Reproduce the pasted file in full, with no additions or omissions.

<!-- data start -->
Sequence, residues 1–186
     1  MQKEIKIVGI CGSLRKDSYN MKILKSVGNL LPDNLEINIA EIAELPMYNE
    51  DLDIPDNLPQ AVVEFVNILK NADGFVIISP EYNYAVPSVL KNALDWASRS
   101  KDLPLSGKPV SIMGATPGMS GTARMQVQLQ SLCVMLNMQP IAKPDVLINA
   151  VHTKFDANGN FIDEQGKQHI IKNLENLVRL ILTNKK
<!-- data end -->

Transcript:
Sequence, residues 1–186
     1  MQKEIKIVGI CGSLRKDSYN MKILKSVGNL LPDNLEINIA EIAELPMYNE
    51  DLDIPDNLPQ AVVEFVNILK NADGFVIISP EYNYAVPSVL KNALDWASRS
   101  KDLPLSGKPV SIMGATPGMS GTARMQVQLQ SLCVMLNMQP IAKPDVLINA
   151  VHTKFDANGN FIDEQGKQHI IKNLENLVRL ILTNKK